Virtual Event: Elena Conis


How to Sell a Poison:
The Rise, Fall, and Toxic Return of DDT

in conversation with KERRI ARSENAULT


April 18, 2022
7:00 PM ET


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Free - $5 contribution suggested at registration

Harvard Book Store's virtual event series welcomes celebrated writer and historian of medicine ELENA CONIS for a discussion of her latest book, How to Sell a Poison: The Rise, Fall, and Toxic Return of DDT. She will be joined in conversation by book critic and author of Mill Town: Reckoning with What Remains, KERRI ARSENAULT.

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About the How to Sell a Poison

The chemical compound DDT first earned fame during World War II by wiping out insects that caused disease and boosting Allied forces to victory. Americans granted it a hero’s homecoming, spraying it on everything from crops and livestock to cupboards and curtains. Then, in 1972, it was banned in the US. But decades after that, a cry arose to demand its return.

This is the sweeping narrative of generations of Americans who struggled to make sense of the notorious chemical’s risks and benefits. Historian Elena Conis follows DDT from postwar farms, factories, and suburban enclaves to the floors of Congress and tony social clubs, where industry barons met with Madison Avenue brain trusts to figure out how to sell the idea that a little poison in our food and bodies was nothing to worry about.

In an age of spreading misinformation on issues including pesticides, vaccines, and climate change, Conis shows that we need new ways of communicating about science—as a constantly evolving discipline, not an immutable collection of facts—before it’s too late.

Praise for How to Sell a Poison

“What Merchants of Doubt did for earlier campaigns of corporate disinformation, How to Sell a Poison does, superbly, for a toxin I thought we’d gotten rid of. Elena Conis’s fast-paced account is all the more important in an era when powerful forces are trying to discredit science.” —Adam Hochschild, author of King Leopold's Ghost

“Elena Conis is a historian who writes nonfiction like a fiction writer. In elegant prose, she reveals the often forgotten and captivating history of how ordinary people discovered the dangers of DDT—and persisted in having it banned against all odds and despite false assurances of its safety from public health officials.” —Sheldon Krimsky, author of GMOs Decoded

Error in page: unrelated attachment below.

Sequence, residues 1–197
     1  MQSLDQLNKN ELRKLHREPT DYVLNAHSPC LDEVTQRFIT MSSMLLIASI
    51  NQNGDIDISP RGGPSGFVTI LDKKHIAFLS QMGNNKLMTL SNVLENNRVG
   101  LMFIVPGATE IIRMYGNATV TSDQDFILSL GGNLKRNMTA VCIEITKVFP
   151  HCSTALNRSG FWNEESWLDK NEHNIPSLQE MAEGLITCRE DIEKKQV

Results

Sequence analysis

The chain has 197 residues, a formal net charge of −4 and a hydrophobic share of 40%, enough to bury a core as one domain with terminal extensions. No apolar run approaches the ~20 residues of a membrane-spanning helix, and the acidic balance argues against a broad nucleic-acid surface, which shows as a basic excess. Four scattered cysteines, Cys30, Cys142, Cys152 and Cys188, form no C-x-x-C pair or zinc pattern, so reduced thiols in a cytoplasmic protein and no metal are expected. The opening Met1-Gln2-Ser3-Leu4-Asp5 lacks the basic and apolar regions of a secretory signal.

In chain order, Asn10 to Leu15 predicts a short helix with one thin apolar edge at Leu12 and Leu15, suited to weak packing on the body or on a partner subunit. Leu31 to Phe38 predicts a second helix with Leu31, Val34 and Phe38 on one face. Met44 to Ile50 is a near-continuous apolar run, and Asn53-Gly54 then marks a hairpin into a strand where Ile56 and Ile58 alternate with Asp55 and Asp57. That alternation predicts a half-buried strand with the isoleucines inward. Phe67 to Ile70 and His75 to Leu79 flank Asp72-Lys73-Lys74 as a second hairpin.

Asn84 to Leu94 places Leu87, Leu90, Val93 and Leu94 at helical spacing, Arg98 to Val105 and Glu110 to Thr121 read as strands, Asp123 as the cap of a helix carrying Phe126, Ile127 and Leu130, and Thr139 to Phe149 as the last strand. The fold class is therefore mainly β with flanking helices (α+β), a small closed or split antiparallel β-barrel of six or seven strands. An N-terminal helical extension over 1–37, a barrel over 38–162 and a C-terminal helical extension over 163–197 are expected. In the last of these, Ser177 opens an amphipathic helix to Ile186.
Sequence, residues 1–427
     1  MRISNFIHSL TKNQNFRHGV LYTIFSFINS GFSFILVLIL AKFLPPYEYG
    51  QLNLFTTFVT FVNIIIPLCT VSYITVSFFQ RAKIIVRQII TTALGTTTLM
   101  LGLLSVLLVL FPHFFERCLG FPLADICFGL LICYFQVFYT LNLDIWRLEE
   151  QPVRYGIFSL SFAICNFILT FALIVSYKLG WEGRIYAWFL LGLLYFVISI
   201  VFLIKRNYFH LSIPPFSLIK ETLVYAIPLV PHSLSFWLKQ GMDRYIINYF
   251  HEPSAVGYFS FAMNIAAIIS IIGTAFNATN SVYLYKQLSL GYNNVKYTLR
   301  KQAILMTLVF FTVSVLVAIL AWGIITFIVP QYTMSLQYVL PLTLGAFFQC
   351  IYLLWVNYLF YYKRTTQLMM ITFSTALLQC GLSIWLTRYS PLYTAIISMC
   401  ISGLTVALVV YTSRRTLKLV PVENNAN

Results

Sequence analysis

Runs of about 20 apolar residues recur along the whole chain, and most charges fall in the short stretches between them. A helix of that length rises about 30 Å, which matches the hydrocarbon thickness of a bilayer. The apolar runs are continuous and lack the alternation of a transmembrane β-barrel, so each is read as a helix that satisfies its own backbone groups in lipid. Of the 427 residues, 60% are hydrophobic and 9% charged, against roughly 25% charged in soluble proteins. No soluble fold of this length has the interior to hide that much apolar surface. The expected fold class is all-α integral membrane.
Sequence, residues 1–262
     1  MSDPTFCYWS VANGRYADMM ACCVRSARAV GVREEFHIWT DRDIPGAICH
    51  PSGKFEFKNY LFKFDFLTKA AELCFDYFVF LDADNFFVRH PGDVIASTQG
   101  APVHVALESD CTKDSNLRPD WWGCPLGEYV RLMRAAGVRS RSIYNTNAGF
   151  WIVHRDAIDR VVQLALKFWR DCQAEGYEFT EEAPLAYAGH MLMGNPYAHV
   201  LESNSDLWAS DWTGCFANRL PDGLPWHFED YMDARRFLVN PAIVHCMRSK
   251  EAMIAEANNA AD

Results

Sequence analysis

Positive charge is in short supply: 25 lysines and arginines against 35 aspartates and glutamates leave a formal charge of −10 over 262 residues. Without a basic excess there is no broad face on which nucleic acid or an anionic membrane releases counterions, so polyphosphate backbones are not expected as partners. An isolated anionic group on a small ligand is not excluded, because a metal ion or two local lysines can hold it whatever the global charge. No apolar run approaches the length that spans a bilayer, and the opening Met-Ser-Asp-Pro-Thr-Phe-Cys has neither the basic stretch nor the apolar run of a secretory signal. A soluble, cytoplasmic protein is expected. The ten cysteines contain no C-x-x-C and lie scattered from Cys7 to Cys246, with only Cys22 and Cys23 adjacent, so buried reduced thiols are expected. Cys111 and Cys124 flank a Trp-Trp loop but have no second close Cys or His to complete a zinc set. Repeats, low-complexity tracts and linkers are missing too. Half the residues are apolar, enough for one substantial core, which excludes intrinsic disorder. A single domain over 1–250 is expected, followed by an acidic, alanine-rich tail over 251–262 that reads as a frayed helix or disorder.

"Why do we still talk about DDT? In this provocative and richly detailed retelling of the DDT story, Elena Conis deftly explores why a pesticide banned since 1972 remains so politically divisive. For Conis, the answer lies in the intersection of science and politics, revealing a story rooted in the past, but framed by contemporary political and ecological debates. It is a fascinating story that will resonate with readers trying to make sense of the uncertainty of scientific knowledge in our highly politicized world.” —David Kinkela, author of DDT and the American Century

Elena Conis
Elena Conis

Elena Conis

Elena Conis is a writer and historian of medicine, public health, and the environment. She teaches at the Berkeley Graduate School of Journalism and the Media Studies Program, and directs the graduate program in Public Journalism. Her current research focuses on scientific controversies, science denial, and the public understanding of science, and has been supported by the National Endowment for the Humanities, the National Institutes of Health/National Library of Medicine, and the Science History Institute. Her first book, Vaccine Nation: America’s Changing Relationship with Immunization, received the Arthur J. Viseltear Award from the American Public Health Association and was named a Choice Outstanding Academic Title and a Science Pick of the Week by the journal Nature.

Photo Credit: Brittany Hosea-Small

Kerri Arsenault
Kerri Arsenault

Kerri Arsenault

Kerri Arsenault is a book critic, contributing editor at Orion magazine, and the author of Mill Town: Reckoning with What Remains, which won the Rachel Carson Environment Book Award from the Society of Environmental Journalists and the Maine Literary Award for nonfiction. Mill Town was also a finalist for the National Book Critics Circle Leonard Prize. Her work has appeared in Freeman’s, the Boston Globe, the Paris Review, the New York Review of Books, the Washington Post, the New York Times, and others. For 2023, she will be a democracy fellow at the Charles Warren Center for Studies in American History at Harvard.

Photo Credit: Erik Madigan Heck

Join our online event (or pre-register) via the link in the event description.
Event Series: Virtual Event Series

Harvard Book Store’s award-winning event series continues online! Named "Best of Boston: 2020 Best Virtual Author Series" and "2021 Best Virtual Author Series" by Boston magazine.

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